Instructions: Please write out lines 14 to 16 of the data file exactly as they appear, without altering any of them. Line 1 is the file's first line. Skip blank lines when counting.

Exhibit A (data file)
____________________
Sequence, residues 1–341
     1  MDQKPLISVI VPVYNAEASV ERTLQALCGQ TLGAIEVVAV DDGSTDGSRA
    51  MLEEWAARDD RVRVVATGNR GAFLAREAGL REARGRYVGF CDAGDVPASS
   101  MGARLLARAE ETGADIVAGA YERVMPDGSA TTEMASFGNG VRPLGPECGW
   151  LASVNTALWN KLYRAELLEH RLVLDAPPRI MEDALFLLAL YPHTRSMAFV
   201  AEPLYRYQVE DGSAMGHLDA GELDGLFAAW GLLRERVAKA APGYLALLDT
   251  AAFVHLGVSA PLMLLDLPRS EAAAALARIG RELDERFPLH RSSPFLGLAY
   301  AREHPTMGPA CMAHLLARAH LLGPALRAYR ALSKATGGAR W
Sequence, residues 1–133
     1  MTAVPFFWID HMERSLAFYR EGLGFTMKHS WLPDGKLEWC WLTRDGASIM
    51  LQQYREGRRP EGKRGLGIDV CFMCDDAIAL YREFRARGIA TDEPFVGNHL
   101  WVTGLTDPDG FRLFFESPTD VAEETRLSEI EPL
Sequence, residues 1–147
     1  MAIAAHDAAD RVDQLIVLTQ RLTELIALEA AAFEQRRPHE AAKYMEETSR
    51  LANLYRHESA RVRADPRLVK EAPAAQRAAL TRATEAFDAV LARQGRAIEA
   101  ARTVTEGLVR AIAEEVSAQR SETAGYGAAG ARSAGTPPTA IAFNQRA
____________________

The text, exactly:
     1  MAIAAHDAAD RVDQLIVLTQ RLTELIALEA AAFEQRRPHE AAKYMEETSR
    51  LANLYRHESA RVRADPRLVK EAPAAQRAAL TRATEAFDAV LARQGRAIEA
   101  ARTVTEGLVR AIAEEVSAQR SETAGYGAAG ARSAGTPPTA IAFNQRA